Spring Cleaning Shortcuts
Mattresses: Long Version
Deal with stains, clean nooks and crannies, and take care of both sides of the mattress.
- White vinegar
- Vacuum (those with a Hepa filter trap more allergens), plus attachments
- Enzyme odor remover, such as OdorZyme ($17 for 22 ounces, odorzyme.com). It eliminates protein-based stains.
- Oscillating fan, table or floor height
- Cotton cloth
- A helper
1. Follow step 1 of Shortcut.
2. Vacuum the top and sides of the mattress with the upholstery attachment. Use the crevice tool to get into tufting and around seams.
3. Spray enzyme odor remover on stains. Air-dry, using a fan to speed the process. When the mattress is dry, remove the cleaner by sprinkling water on the spots and blotting with a cotton cloth until dry.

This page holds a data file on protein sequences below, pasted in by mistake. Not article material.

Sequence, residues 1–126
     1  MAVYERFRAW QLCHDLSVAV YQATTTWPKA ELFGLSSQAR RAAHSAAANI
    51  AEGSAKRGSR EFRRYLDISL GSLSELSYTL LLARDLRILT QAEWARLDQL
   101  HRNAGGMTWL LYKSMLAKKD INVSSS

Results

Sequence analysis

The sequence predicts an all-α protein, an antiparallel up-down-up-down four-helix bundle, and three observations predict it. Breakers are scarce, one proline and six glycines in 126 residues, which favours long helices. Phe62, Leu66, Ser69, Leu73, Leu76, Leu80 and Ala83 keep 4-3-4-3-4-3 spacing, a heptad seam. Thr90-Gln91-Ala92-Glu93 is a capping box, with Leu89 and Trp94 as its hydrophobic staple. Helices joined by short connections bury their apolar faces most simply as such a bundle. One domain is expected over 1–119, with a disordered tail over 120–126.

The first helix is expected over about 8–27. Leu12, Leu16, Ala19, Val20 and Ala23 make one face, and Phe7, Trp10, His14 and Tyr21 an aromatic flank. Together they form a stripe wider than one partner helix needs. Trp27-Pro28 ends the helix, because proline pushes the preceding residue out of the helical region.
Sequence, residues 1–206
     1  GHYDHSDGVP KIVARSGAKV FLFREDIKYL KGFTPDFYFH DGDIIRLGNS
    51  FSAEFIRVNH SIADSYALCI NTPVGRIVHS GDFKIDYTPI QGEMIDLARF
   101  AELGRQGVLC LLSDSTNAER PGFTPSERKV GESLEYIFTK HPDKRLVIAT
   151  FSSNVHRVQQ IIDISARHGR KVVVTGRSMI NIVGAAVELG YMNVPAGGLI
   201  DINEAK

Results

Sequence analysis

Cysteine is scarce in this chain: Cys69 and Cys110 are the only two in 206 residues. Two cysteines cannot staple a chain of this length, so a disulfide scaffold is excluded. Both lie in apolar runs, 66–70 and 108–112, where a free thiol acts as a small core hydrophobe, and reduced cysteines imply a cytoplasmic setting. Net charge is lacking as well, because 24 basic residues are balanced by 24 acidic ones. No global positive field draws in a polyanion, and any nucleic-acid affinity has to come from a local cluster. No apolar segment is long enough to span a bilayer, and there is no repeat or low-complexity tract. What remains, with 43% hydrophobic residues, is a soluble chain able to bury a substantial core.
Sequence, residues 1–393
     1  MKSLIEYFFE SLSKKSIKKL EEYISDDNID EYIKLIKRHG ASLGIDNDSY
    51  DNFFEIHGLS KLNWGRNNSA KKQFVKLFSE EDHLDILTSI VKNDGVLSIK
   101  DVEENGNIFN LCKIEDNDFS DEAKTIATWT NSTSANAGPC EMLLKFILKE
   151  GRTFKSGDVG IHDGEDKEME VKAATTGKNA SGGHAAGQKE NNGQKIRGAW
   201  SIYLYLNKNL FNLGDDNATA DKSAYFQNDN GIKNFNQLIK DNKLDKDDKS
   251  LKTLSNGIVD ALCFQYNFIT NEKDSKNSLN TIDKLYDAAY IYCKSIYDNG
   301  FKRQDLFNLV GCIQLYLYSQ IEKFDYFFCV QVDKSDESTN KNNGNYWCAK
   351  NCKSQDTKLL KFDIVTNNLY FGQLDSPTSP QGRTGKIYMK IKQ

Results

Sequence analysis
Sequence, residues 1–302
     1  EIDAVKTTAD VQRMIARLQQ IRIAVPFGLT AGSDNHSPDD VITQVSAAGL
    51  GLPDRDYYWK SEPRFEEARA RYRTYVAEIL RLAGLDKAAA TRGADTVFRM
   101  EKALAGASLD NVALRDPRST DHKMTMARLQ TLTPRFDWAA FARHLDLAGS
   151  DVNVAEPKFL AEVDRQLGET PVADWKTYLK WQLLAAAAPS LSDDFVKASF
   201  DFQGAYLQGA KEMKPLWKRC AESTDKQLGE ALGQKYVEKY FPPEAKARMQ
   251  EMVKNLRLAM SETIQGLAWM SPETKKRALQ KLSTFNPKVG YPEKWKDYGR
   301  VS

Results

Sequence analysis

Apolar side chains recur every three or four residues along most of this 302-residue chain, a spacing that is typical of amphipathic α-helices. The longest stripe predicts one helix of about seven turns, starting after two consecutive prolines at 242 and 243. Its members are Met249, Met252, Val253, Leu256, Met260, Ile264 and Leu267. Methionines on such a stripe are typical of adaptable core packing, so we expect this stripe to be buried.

4. With your helper, flip the mattress.
5. Vacuum the side that now faces up. Repeat step 3.
Time investment: A full day to take care of three or four mattresses.
Rather hire a pro? Mattress-cleaning services are not as widespread as those for, say, windows and carpets. You might be able to find a carpet or upholstery cleaner who also handles mattresses, with prices starting at about $50 per mattress. If not, here’s some extra motivation for taking on the job yourself: A dirty mattress can be a fertile breeding ground for dust mites, microscopic creatures that get into the respiratory system and may cause watery eyes and a runny nose. (Sorry—cleaning a mattress doesn’t insulate you from bedbugs. If you see something suspicious, call a licensed bedbug professional.)
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So maybe you can’t change your health overnight. But you can get a head start.